Meningitis A and C

What is meningitis A and C?

Three major strains of meningococcal bacteria cause meningitis: A, B and C. Epidemic meningitis occurring in tropical countries is usually caused by group A strains; cases in Ireland are usually group B. Meningitis is an infection of the fluid of the spinal cord and the fluid that surrounds the brain. Viral or aseptic meningitis, which is the most common type, is caused by an infection with one of several types of viruses. Knowing whether meningitis is caused by a virus or bacterium is important because the severity of illness and the treatment differ.

How is meningitis transmitted?

The disease is spread by close contact, including droplets spread in coughs and sneezes. In countries where meningitis is prevalent, up to 10% of people may be asymptomatic carriers of the bacteria. Meningitis is caused by Neisseria meningitidis, a gram-negative bacterium. Serogroup A and C meningococci are the main causes of epidemic meningitis. Serogroup B, generally associated with sporadic disease, may cause some upsurges or outbreaks. A small proportion of those who come into contact with the bacteria develop clinical disease.

What are the symptoms of meningitis A and C?

The symptoms of meningitis may not be the same for every person. The symptoms usually start abruptly and include fever, an intense headache, confusion, sleepiness, nausea and vomiting; frequently a rash develops. The person may complain of a stiff neck and be unable to tolerate bright light. These symptoms can develop over several hours, or they may take one to two days.

In what areas of the world do meningitis A and C occur?

Meningitis persists in both the developed and developing world, but every December marks the start of the six-month meningitis season in a strip of sub-Saharan Africa known as the "meningitis belt", which extends across Africa just south of the Sahara desert. The most affected countries have been Nigeria, Burkina Faso, Mali, Niger, Chad and Cameroon.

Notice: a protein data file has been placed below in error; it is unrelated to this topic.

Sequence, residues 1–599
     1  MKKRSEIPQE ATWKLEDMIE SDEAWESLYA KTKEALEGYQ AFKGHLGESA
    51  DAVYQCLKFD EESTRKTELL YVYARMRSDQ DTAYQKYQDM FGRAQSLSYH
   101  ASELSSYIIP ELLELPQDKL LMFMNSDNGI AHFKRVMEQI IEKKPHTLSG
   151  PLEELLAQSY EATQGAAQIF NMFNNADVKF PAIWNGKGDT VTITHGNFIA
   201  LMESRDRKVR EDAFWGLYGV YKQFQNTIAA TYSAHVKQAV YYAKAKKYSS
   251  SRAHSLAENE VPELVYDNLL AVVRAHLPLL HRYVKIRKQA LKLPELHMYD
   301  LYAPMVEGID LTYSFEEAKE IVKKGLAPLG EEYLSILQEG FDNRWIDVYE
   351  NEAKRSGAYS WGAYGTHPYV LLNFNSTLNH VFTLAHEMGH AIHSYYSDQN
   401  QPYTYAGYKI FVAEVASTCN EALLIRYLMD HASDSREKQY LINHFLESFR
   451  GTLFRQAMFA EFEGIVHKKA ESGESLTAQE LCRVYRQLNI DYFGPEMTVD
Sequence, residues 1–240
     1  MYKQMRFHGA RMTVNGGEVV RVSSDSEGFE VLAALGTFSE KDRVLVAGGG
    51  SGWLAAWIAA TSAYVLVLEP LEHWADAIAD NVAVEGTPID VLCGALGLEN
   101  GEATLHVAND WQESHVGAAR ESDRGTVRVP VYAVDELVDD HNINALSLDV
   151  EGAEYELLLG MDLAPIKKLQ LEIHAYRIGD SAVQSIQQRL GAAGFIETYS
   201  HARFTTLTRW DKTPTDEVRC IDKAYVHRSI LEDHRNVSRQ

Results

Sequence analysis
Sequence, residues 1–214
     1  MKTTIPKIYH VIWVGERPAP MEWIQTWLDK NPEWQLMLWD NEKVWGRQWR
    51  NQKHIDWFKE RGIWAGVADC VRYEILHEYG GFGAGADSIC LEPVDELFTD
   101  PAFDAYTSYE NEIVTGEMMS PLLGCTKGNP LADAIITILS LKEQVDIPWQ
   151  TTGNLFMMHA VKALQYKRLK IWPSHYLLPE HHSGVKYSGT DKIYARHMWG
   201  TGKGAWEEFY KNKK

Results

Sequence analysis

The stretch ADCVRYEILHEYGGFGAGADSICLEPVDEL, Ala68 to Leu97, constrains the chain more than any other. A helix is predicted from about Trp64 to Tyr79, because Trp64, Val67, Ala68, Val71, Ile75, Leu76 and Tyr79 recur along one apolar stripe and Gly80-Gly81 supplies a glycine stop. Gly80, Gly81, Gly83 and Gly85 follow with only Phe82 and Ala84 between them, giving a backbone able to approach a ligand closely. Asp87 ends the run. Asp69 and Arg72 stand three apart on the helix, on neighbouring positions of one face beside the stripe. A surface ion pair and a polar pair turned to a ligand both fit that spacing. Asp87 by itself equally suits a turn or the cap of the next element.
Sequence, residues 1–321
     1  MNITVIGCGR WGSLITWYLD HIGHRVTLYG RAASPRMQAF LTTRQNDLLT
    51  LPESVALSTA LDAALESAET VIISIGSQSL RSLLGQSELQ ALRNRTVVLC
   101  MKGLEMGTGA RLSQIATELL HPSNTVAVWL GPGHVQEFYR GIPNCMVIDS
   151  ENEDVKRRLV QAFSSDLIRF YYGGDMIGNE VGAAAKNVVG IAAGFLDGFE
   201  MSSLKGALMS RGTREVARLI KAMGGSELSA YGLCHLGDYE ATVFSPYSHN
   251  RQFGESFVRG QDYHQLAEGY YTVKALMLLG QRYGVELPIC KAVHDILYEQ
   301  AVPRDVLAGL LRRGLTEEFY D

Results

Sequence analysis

How can meningitis A and C infection be prevented?

Most travellers are unlikely to contract meningitis. However, those who are staying for longer periods or come into close contact with local populations should consider vaccination. The vaccine protects against the A and C strains only.

A single dose provides protection for three years, though small children might need more frequent boosters. Before the 1990s, Haemophilus influenzae type b was the leading cause of bacterial meningitis, but new vaccines being given to all children as part of their routine immunisations have reduced the occurrence of invasive disease due to H. influenzae.

A vaccine to combat the meningococcal C virus has been introduced to Ireland as of the 3rd October 2000. All children and young adults are expected to receive this vaccine, so future generations of Irish farflung travellers will be immunised against the Meningitis C and septicaemia diseases.

There is also a vaccine that protects against four strains of N. meningitidis, but it is not effective in children under 18 months of age.

Overseas travellers should check to see if meningococcal vaccine is recommended for their destination. Travellers should receive the vaccine at least one week before departure, if possible.

How are meningitis A & C diagnosed?

Viral meningitis is generally less severe and resolves without specific treatment, while bacterial meningitis can be quite severe and may result in brain damage, hearing loss, or learning disability. For bacterial meningitis, it is also important to know which type of bacteria is causing the meningitis because antibiotics can prevent some types from spreading and infecting other people.

How long is the incubation period?

Two to 10 days, often three to four days.

How is meningitis A & C treated?

Bacterial meningitis can be treated with a number of effective antibiotics depending on antibiotic susceptibility: penicillin G, ampicillin; chloramphenicol, ceftriaxone. Oily chloramphenicol may be the drug of choice in areas with limited health facilities because a single dose of the long-acting form has been shown to be effective. Travellers to areas affected by meningococcal outbreaks are advised to be vaccinated. It is important, however, that treatment be started early in the course of the disease. Untreated, more than 50% of patients may die.

How contagious is meningitis?

The bacteria are spread through the exchange of respiratory and throat secretions (ie. coughing, kissing). Many infected people become symptomless carriers. Climatic conditions such as dry season or prolonged drought and dust storms contribute to the spread of meningitis A and C. Fortunately, none of the bacteria that cause meningitis are as contagious as things like the common cold or the flu, and they are not spread by casual contact or by simply breathing the air where a person with meningitis has been.

What can I do?

Travellers to areas affected by meningococcal outbreaks are advised to be vaccinated. As this vaccination is now part of the national immunisation programme, you are not required to attend a tropical diseases clinic. Your GP can administer the vaccination.

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